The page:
The mood is right up there among Football League fans – pre-season friendlies are played under the sun and teams across the country are eager to welcome their fans again. For Blackburn Rovers supporters, however, there isn’t much to say.
A 15th place finish in the championship last season capped a two-half season for the Blackburn Rovers. The first competent followed by a miserable second, in which Tony Mowbray’s side have won just seven games, including three in the last five games of the season.
Having yet to sign a summer contract either, the Rovers are entering the new season with the backbone of a team that may still be clearing up. The signs bode ill for Blackburn Rovers and the reasons are overwhelming.
The Venky Millions
More than ten years have passed since the VH Group acquired a controlling 99.9% stake in Blackburn Rovers through its holding company, Venky’s London Ltd.
The Blackburn Rovers have since abandoned the Premier League of which they were once the winners, up to the third level of English football and back in the league. They did so at a loss as well – the Rovers this summer released their accounts for the 2019/20 season showing a total loss of £ 21.9million before tax, which is an additional loss of £ 3.7million. pounds sterling compared to the 2018/19 season. (Lancs Live).
Perhaps the amount of losses recorded over the next few years can be mitigated due to the pandemic. Football has been postponed indefinitely to the middle of the 2019/20 campaign and the Venkys would subsequently inject an additional £ 14million of their own capital into the club, meaning Blackburn Rovers’ total debt to them rises. now at £ 140million.
At some point, the Venkys will obviously want to see that money. The much contested and debated current ownership of Blackburn Rovers has sparked controversy throughout his tenure, but that £ 140million will not be clawed back anytime soon.
Often with the owners of football clubs and the debt owed to them by the football club itself, this debt is often paid off when a new owner arrives and agrees to take on all the unpaid debts. But as the last 24 months or so have shown, takeovers are becoming increasingly difficult for Football League clubs to manage and the Rovers could eventually find themselves in a position similar to that of a certain county of Derby.
Buyers are put off by Derby’s apparent £ 60million debt that any potential buyer would have to shoulder. With Rovers indebted to the Venkys by at least £ 140million, any future buyouts or redemptions already seem to have their flaws. As uncertainty and discontent with the board persist, that mood will slowly spread throughout the club itself and with fans returning to stadiums next season, deafening sounds could come from the terraces of Ewood Park.
Where does the Rovers Championship experience come from?
According to Transfermarkt, Blackburn actually had one of the youngest middle age groups in the championship last season, under 25 in the campaign.
But last season’s young Rovers lenders reportedly cut that number down considerably and although they have younger members of the first team in Ryan Nyambe, Scott Wharton, Ben Brereton and left-back Harry Pickering to welcome on his loan spell Crewe, they really don’t have a lot of names with a lot of league experience.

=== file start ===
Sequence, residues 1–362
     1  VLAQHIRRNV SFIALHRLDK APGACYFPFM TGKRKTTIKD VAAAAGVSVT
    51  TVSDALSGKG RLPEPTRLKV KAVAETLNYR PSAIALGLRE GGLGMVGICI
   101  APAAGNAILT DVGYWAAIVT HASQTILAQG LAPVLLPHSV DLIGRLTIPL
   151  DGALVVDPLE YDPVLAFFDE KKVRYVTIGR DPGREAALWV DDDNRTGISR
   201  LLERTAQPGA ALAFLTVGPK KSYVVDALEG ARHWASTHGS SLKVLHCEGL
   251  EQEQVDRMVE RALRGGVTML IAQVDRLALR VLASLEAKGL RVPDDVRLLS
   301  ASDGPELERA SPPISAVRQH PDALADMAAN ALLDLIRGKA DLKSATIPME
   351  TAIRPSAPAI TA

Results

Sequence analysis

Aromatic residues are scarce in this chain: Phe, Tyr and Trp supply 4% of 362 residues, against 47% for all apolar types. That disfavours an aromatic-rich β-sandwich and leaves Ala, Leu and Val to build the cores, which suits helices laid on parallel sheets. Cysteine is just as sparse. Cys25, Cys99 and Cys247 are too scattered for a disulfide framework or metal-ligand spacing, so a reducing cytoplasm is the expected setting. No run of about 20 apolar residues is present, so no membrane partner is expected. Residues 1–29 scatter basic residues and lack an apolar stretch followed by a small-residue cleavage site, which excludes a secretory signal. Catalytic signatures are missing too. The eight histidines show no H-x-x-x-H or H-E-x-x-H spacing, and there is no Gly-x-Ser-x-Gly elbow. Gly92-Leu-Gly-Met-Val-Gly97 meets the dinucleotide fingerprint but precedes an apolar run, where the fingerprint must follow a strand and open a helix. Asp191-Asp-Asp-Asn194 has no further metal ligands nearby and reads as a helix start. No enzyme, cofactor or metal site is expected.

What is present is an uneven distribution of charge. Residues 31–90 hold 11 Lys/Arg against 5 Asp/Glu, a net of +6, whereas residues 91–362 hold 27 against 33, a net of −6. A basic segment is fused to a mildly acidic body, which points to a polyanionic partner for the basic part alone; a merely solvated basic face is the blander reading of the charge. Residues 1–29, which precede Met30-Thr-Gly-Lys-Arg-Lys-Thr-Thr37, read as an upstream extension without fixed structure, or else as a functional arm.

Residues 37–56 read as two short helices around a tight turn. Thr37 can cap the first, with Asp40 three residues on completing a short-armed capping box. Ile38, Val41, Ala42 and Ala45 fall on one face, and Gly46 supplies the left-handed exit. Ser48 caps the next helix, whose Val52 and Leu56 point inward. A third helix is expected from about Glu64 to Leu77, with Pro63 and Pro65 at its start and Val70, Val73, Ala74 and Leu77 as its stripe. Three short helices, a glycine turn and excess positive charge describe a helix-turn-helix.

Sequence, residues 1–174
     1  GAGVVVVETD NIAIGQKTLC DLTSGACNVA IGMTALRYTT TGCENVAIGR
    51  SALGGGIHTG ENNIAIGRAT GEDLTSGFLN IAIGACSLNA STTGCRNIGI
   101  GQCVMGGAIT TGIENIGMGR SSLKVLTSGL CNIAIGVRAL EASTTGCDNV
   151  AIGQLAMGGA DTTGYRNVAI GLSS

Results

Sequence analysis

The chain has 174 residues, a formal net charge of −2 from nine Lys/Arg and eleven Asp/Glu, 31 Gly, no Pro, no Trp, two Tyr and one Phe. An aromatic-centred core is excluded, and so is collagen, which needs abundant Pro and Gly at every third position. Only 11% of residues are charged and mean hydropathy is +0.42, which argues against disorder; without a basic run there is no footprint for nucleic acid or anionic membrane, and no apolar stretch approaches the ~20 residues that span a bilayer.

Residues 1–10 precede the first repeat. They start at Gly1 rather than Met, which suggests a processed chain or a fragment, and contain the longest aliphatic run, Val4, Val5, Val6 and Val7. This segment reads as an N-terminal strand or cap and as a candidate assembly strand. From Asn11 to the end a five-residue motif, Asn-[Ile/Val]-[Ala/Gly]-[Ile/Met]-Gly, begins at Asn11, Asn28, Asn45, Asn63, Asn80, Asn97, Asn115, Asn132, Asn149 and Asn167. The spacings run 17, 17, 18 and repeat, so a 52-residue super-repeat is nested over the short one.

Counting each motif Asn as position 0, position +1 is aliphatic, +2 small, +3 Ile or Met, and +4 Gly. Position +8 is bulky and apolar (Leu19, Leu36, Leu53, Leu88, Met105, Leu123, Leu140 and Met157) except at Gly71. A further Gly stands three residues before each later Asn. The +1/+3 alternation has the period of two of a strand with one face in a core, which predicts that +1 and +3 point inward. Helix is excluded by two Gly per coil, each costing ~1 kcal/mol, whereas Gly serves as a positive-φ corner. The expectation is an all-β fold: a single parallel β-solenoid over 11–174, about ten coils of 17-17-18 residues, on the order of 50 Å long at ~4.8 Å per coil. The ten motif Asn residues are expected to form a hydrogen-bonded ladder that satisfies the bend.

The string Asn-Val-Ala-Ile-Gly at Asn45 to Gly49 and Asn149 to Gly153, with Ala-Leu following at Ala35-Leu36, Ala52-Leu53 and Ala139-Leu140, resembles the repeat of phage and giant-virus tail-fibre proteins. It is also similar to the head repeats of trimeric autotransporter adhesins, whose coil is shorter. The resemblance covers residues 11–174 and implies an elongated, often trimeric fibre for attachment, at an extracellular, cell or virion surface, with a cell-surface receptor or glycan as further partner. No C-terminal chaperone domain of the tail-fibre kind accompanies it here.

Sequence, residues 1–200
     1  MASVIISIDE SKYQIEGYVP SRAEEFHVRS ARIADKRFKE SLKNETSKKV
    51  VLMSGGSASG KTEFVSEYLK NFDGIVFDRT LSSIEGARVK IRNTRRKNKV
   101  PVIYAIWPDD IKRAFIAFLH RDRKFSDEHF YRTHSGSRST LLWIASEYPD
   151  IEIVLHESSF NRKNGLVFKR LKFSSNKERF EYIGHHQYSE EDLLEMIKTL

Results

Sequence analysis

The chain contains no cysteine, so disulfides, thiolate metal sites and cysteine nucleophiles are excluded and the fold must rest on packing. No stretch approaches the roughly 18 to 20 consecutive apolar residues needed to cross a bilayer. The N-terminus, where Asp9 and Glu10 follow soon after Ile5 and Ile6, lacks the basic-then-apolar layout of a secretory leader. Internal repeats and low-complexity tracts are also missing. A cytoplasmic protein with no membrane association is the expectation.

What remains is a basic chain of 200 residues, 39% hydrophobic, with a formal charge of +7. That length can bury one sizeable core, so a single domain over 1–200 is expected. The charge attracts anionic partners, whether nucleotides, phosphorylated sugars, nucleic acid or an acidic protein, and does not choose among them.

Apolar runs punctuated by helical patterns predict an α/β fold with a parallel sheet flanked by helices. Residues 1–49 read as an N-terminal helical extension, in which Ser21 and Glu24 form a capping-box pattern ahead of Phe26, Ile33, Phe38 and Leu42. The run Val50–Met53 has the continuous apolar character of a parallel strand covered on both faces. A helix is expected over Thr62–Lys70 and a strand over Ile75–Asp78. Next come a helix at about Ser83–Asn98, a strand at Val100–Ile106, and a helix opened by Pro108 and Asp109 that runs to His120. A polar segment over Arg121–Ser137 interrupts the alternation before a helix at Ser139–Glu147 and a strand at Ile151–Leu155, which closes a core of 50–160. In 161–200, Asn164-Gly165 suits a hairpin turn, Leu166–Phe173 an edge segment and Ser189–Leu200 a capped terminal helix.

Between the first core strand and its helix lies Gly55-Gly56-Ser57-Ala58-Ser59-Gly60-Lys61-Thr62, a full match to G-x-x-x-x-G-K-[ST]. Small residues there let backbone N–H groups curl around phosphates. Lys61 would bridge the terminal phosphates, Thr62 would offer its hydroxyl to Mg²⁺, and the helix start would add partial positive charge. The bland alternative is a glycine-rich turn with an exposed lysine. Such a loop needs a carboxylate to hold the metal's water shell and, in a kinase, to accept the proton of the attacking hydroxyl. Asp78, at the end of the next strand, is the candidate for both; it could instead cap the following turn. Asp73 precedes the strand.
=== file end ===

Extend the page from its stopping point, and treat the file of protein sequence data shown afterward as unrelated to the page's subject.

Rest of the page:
The likes of Barry Douglas and Tom Trybull brought some degree of knowledge to the side last time around, while the more altered likes of Stewart Downing, Corry Evans, Amari’i Bell, Elliott Bennett, Charlie Mulgrew and Lewis Holtby are all gone. Names like Daniel Ayala and Darragh Lenihan will have to really measure up next time around, Thomas Kaminski in goal and Bradley Johnson in midfield can offer experience and advice if needed – four names not to be crushed, but they will be Blackburn’s leaders in the locker room next season.
Championship football can be a cruel mistress. The Rovers have been experiencing this for much of last season, and whether the club’s youngsters can weather what appears to be a storm approaching in the 2021/22 season is a question fans may not want. not yet arise.
Mowbray was the man who brought the Rovers out of League One and arguably the darkest days in their modern history. For that, he will always have a seat in Ewood Park. But over the past two seasons in particular, fans have become unstable with his management of the squad and although his hands are largely tied when it comes to recruiting, his insistence on possession football goes beyond stubbornness. .
Fans invented it ‘Mowbrayball’ and although it did allow spectacular viewings on occasion, Blackburn having been prolific under Mowbray’s watch, it is also designed for meticulous performances which subsequently prevented the Rovers to place in the top six since their return. in the championship three years ago.
With two promotions under his belt as a manager and as many as a player, Mowbray certainly knows what it takes to win him. The question remains whether he is able to do that with this current Blackburn Rovers squad – indeed, would a manager be able to?
As much as a needed change might be around the corner, Blackburn just doesn’t have a good enough squad to compete and eventually come out of the Championship. Changes can only start on the pitch and in the dugout, but fans know the real issues lie upstairs and with the club now heavily in debt to the Venkys, it begs the question of whether we’ll see any changes. before seeing relegations, a deteriorating financial problem and the collapse of the once great Blackburn Rovers.